You’ll Never Drink Scotch the Same Way Again
Why whisky doesn’t live or die by its age
Welcome to Distilled, InsideHook’s deep dive into the spirits world. Drink up.
Things that get better with age:
Women. Leather. Dad jokes.
Things that don’t:
Milk. Hangovers. Hairlines.
Now, where does whisky fall?
In an experiment we’re unofficially calling “Why not?”, we joined up with the artisanal spirits gurus at Caskers to answer the following question:
Can non-age statement whiskies go the distance with their aged counterparts?
Our mission took us to Caskers HQ in downtown NYC, where we tried single malt Scotches from the likes of Aberlour, The Glenlivet, Talisker, Oban and Ardbeg.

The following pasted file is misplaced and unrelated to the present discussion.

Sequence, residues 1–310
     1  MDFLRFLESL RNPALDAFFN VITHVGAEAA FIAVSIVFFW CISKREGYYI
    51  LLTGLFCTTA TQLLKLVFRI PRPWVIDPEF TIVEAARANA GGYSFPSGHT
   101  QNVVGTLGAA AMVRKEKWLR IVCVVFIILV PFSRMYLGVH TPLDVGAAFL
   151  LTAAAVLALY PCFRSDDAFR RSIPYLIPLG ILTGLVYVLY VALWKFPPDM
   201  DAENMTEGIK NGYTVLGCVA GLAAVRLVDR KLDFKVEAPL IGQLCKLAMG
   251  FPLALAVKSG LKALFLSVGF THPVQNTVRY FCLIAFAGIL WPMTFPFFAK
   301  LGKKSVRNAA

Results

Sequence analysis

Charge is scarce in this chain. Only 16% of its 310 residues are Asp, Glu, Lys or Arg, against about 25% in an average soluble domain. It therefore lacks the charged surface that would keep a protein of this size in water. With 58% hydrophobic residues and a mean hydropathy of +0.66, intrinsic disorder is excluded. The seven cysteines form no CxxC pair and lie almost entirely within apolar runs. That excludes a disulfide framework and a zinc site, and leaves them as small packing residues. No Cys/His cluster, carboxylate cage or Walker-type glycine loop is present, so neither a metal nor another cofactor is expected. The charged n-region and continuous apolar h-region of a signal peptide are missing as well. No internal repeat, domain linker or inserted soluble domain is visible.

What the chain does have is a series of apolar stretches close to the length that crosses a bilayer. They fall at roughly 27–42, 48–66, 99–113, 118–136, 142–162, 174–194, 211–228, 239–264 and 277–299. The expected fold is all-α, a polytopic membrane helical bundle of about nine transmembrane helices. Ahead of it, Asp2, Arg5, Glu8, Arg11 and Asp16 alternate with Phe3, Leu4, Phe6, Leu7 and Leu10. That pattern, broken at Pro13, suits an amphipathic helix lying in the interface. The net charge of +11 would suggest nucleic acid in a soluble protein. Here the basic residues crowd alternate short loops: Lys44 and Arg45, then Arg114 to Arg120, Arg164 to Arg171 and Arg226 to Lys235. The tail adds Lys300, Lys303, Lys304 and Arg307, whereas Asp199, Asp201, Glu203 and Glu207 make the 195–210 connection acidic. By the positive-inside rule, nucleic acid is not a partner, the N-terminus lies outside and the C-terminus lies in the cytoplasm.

The first group came with an age statement: whisky aged in oak barrels, with the number (10, 14, 15, etc.) reflecting the age of the youngest whisky used to produce that particular product.
The others bore no age statement: in those, the distillers are targeting a flavor, rather than a barrel age.
The results are here.
Hey, it’s a fun argument. Try it yourself.
Nota bene: Caskers has access to one of our favorite non-age statement whiskies — The Glenlivet Founder’s Reserve Single Malt Scotch Whisky — a few weeks before rest of the country. You can order it here.
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